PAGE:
Astronomers Explain Hubble Sequence
How Galaxies Came To Be
© Ville Koistinen
Explaining the Hubble Sequence is complex. The different types clearly result from different evolutionary paths but until now a detailed explanation has eluded scientists.
Benson and Devereux combined data from the infrared Two Micron All Sky Survey (2MASS) with their sophisticated GALFORM computer model to reproduce the evolutionary history of the Universe over thirteen billion years. To their surprise, their computations reproduced not only the different galaxy shapes but also their relative numbers.
“We were completely astonished that our model predicted both the abundance and diversity of galaxy types so precisely”, said Devereux. “It really boosts my confidence in the model”, added Benson.
The astronomers’ model is underpinned by and endorses the ‘Lambda Cold Dark Matter’ model of the Universe. Here ‘Lambda’ is the mysterious ‘dark energy’ component believed to make up about 72% of the cosmos, with cold dark matter making up another 23%. Just 4% of the Universe consists of the familiar visible or ‘baryonic’ matter that makes up the stars and planets of which galaxies are comprised.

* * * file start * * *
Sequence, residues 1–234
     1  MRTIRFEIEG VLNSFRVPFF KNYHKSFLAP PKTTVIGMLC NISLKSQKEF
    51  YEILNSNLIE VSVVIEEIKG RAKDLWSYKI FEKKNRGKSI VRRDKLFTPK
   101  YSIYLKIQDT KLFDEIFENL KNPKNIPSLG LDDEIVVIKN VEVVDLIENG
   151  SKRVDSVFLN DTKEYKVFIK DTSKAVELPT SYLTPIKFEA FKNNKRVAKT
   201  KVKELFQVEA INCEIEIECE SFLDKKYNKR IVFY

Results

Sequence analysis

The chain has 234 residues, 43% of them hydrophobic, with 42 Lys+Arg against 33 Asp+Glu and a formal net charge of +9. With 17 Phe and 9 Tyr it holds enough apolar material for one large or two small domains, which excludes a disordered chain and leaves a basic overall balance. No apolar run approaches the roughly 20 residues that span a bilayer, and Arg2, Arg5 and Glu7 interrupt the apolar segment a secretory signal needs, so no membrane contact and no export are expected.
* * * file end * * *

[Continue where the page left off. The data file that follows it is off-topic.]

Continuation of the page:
Galaxies are thought to be embedded in very large haloes of dark matter and Benson and Devereux believe these to be crucial to their evolution. Their model suggests that the number of mergers between these haloes and their galaxies drives the final outcome – elliptical galaxies result from multiple mergers whereas disk galaxies have seen none at all. Our Milky Way galaxy’s barred spiral shape suggests it has seen a complex evolutionary history, with only a few minor collisions and at least one episode where the inner disk collapsed to form the large central bar.
“These new findings set a clear direction for future research. Our goal now is to compare the model predictions with observations of more distant galaxies seen in images obtained with the Hubble and those of the soon to be launched James Webb Space Telescope (JWST)”, said Devereux.
Source: Royal Astronomical Society